Comments Posted sprag80 “The article encapsulates my experiences in betraying my wife and family.”

A healthy marriage relationship takes work, effort, and commitment over the long haul.  Only God can fill all of the longings and desires in a person, so don’t expect marriage to have all the answers.  Others can compliment us, but were never meant to complete us.  Don’t buy into the lie that something out there is better.  Make the choice to invest in your marriage today.

Carry wrote an article, “How to Help Your Marriage Survive the Pressure” with practical ways to choose love in our marriage relationship.

1. We had dates nights.  We saw evenings with each other as investments, not expenses. Although we sometimes felt guilty for time away from the kids, we knew that one of the best gifts you can give your kids is a healthy marriage.  When it got really tough, I began to resent date nights because they would turn into ‘date arguments’, but I’m so glad we pushed through that. Prioritize your spouse. No matter what.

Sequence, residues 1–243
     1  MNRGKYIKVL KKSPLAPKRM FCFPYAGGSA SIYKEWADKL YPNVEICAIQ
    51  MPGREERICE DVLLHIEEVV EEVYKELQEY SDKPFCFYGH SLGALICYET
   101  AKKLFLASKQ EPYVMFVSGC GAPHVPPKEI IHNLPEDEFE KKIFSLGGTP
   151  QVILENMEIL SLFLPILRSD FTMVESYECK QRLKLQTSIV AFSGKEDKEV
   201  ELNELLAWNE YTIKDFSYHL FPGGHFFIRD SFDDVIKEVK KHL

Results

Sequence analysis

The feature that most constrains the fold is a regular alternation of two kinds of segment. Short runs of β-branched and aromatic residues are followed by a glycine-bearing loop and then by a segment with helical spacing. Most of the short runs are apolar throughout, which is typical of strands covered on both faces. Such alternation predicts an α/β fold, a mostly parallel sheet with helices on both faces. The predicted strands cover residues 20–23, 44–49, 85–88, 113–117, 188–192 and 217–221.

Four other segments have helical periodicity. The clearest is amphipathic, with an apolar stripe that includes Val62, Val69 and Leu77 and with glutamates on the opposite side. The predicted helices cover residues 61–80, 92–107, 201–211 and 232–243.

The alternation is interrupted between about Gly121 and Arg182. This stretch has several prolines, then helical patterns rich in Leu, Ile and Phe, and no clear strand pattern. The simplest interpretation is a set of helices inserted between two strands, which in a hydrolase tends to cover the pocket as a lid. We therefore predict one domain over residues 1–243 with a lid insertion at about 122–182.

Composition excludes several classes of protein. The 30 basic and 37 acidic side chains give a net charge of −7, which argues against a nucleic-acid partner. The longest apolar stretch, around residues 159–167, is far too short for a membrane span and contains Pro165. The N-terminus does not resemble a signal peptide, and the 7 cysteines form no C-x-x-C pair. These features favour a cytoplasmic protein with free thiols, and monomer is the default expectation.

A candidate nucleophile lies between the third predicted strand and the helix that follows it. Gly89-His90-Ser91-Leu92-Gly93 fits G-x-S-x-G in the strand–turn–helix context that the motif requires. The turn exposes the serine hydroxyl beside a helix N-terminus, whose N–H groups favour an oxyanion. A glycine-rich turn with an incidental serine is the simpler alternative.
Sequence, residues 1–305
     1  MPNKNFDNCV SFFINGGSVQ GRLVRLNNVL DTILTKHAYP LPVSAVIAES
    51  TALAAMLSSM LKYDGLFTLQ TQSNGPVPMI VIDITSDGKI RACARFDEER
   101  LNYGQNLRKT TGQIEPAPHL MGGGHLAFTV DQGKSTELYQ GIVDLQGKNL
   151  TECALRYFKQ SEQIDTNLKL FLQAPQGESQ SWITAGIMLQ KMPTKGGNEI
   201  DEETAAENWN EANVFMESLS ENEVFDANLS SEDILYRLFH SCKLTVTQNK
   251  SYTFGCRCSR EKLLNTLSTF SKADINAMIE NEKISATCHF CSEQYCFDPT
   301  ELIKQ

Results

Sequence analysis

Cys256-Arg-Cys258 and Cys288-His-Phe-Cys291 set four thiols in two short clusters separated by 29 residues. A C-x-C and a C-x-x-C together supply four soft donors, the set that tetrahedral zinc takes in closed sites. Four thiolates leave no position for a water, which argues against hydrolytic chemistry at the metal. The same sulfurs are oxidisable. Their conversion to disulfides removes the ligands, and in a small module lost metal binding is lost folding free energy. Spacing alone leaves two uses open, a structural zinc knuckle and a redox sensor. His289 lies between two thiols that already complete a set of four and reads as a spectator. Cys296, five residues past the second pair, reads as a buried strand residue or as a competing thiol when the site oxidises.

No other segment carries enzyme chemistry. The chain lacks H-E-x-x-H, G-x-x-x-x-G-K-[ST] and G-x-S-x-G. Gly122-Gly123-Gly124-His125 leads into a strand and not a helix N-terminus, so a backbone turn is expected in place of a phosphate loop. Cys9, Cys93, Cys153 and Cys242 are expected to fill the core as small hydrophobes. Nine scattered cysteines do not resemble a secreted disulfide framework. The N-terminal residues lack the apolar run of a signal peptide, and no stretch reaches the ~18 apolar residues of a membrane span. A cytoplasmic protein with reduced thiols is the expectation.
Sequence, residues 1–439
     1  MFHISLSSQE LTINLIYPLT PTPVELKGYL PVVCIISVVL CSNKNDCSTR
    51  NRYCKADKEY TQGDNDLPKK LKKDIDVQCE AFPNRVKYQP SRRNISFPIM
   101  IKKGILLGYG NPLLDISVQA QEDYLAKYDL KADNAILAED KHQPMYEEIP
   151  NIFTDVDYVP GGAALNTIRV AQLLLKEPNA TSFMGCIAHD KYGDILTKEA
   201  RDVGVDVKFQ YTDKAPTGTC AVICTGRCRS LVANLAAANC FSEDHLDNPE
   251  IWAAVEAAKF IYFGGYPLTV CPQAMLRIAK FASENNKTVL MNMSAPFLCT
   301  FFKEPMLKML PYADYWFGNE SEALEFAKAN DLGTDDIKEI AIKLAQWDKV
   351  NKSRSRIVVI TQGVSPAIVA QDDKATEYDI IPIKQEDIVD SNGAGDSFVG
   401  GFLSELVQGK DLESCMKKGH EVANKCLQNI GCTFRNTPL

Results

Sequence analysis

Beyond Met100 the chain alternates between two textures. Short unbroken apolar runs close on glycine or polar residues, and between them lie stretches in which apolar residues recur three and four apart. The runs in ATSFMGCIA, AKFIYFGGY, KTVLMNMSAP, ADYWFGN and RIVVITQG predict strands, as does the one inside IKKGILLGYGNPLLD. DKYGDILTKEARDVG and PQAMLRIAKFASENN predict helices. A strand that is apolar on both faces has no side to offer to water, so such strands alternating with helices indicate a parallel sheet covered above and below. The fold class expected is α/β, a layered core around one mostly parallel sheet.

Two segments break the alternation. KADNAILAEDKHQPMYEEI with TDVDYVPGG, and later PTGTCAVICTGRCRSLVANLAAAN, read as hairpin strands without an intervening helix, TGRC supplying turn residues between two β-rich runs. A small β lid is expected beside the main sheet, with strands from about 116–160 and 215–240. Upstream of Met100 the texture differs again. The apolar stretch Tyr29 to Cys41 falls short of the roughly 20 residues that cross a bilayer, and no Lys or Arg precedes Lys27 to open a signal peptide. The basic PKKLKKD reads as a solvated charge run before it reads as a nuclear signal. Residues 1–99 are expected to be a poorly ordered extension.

2. We prayed for our marriage. Again, I wish I was the hero. But I wasn’t. Even as a pastor, something inside me resisted praying out loud with my wife. We did manage to pray together, and we both believe with all our hearts that it is Christ who has kept our marriage together. A cord of three strands is indeed not quickly broken (Ecclesiastes 4:12)

3. We sought Christian counseling. You can see a pattern developing here, but it was easier for Toni to seek help than for me to do so. I’m sure it was pride. But good, Christian counseling, among other things, helped us to stop the cycle of blame and replace it with responsibility.

4.  When we hit impasses, we went to a third party. Having a handful of people (and a small group) you love and trust is a God-send, literally. We are grateful for our closest friends who prayed for us and helped us.